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9/22/2017 12:11:25 AM
Posted: 1/23/2002 12:10:46 PM EDT
http://www.nytimes.com/2002/01/23/national/23SCOT.html (this appears about 2/3 down in that artical:) These were among the other developments at the court today: Gun Convictions The court agreed to hear the government's appeal of a ruling that permitted federal judges to restore to convicted felons the right to own guns and ammunition. Under federal law, a felony conviction brings a "firearms disability," making it unlawful to own or carry a gun. But the same law authorizes the Treasury secretary to lift the restriction on the basis of a person's "record and reputation" and the circumstances of the offense. The Treasury Department, in turn, delegated that authority to the Bureau of Alcohol, Tobacco and Firearms. In 1992, concerned that the limits were being lifted too often, Congress provided as part of the bureau's annual appropriation that no money could be spent to act on such applications. The prohibition has been renewed annually and remains in effect. But two years ago, Judge Joe Fisher of Federal District Court in Beaumont, Tex., lifted the restriction on behalf of Thomas Lamar Bean, a licensed firearms dealer who had been arrested and convicted on a firearms charge in Mexico after entering the country with 200 rounds of ammunition visible in the back of his car. He had been attending a gun show in Laredo and neglected to remove the ammunition when he crossed the border to have dinner. The question for the Supreme Court in United States v. Bean, No. 01-704, is whether, given the Congressional prohibition on the bureau's activity in this area, a federal court has authority to lift a firearms disability itself. The United States Court of Appeals for the Fifth Circuit, in New Orleans, upheld Judge Fisher in an opinion last June, saying that it was Congress that had overstepped its authority and that judicial action was necessary to avoid a miscarriage of justice.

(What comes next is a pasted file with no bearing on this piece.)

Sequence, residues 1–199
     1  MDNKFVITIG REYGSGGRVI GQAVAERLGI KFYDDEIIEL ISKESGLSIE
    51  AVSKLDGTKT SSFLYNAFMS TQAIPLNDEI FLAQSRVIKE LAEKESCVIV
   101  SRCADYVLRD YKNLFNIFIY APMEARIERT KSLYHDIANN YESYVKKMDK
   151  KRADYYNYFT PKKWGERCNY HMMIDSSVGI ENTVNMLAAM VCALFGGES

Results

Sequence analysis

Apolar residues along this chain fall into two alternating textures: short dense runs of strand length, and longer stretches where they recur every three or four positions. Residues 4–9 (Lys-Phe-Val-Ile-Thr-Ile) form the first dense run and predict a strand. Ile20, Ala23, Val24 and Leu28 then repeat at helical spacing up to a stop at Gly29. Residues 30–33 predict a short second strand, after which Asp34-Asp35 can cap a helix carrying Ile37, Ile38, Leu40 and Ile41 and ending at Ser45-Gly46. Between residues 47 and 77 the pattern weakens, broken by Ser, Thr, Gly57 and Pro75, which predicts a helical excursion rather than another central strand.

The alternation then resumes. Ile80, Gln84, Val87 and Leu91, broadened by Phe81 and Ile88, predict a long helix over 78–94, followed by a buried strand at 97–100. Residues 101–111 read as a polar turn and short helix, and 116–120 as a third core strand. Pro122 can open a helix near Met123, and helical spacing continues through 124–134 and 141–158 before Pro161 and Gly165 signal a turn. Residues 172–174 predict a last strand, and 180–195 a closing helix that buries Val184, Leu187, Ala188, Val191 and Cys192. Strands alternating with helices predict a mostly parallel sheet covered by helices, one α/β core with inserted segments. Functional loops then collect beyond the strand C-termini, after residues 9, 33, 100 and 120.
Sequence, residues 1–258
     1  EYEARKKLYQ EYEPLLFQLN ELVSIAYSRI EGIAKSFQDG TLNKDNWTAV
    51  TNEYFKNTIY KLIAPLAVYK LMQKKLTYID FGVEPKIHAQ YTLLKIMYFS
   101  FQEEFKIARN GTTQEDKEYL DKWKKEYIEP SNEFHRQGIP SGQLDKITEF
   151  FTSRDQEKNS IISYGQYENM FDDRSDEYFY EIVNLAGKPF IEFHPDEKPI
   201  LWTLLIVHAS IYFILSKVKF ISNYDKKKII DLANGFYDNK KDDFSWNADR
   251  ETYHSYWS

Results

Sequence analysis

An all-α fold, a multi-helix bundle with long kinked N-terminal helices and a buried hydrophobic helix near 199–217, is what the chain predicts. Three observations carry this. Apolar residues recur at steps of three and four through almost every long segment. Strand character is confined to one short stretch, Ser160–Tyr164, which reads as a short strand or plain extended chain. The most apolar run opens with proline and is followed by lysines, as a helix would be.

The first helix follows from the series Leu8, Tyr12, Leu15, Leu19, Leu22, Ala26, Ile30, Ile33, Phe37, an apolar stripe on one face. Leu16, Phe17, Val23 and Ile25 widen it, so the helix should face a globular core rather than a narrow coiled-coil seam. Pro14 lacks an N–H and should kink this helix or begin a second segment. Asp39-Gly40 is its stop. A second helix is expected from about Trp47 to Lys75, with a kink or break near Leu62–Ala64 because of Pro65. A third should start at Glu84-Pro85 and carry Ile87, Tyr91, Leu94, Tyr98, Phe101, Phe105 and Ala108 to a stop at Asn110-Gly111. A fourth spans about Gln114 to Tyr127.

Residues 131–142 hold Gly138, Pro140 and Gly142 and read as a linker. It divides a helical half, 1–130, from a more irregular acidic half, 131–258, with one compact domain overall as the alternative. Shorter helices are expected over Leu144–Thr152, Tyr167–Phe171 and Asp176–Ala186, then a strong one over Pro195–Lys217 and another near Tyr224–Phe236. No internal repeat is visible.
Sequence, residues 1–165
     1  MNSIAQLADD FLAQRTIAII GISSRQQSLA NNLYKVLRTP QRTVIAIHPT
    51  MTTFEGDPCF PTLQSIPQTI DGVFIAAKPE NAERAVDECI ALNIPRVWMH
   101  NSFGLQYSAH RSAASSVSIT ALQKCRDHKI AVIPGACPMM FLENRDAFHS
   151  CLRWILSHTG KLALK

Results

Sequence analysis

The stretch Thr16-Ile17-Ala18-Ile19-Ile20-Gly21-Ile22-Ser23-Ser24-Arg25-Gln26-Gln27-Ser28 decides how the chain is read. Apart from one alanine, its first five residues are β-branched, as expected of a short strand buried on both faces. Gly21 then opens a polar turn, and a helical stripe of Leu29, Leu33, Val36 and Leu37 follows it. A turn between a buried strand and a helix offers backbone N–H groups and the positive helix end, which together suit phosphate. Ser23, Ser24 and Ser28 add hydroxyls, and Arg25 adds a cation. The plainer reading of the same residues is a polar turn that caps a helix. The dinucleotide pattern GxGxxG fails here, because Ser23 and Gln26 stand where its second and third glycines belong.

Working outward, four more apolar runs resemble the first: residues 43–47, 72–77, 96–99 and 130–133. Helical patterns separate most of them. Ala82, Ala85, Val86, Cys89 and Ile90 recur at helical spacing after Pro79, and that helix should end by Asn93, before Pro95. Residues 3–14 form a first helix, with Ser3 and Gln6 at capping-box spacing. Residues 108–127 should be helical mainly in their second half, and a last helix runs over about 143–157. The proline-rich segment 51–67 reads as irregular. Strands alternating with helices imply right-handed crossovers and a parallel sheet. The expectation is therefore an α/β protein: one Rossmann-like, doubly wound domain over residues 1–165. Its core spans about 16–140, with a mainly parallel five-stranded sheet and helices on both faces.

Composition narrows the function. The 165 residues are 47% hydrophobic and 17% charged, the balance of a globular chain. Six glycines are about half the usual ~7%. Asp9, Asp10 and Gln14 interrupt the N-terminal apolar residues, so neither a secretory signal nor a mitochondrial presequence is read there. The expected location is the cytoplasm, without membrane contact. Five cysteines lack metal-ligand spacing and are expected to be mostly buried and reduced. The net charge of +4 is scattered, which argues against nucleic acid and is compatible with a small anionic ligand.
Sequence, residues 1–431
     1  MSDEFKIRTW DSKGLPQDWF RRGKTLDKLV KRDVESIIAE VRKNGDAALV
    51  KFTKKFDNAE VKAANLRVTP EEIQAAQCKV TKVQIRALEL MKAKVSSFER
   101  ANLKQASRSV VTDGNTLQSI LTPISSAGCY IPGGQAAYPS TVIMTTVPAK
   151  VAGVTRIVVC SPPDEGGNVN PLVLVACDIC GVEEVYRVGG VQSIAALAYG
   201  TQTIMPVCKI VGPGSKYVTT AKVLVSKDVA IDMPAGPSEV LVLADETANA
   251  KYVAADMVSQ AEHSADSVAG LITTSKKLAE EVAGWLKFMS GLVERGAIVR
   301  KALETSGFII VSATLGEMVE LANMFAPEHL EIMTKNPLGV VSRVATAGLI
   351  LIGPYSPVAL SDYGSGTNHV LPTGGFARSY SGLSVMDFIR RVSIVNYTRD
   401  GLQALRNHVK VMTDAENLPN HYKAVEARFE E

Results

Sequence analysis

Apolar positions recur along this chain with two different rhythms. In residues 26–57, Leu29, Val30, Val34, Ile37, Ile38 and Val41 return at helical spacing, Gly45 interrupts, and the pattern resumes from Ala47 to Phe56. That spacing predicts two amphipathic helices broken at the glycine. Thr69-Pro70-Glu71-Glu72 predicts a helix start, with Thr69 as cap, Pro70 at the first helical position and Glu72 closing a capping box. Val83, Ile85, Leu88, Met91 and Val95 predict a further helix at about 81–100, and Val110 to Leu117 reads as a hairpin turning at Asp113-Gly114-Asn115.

Link Posted: 1/23/2002 12:22:59 PM EDT
About time something like this hit the Supreme Court. Of course, I have little confidence that they will actually uphold the restoration of rights--we gun owners are 2nd class citizens, after all...
Link Posted: 1/23/2002 3:39:10 PM EDT
I'm not sure about that. This court has been pretty fair, for the most part, and does generally adopt a viewpoint that is in favor of protecting Constitutional freedoms, which is of course their only job. I'm going to go out on a limb here and predict that the court's decision will be in favor of the possibility of a felon's firearms rights being restored to him in certain circumstances, but no felons who were convicted of a violent crime would be eligible for the restoration of their firearms rights. We'll see soon enough. CJ
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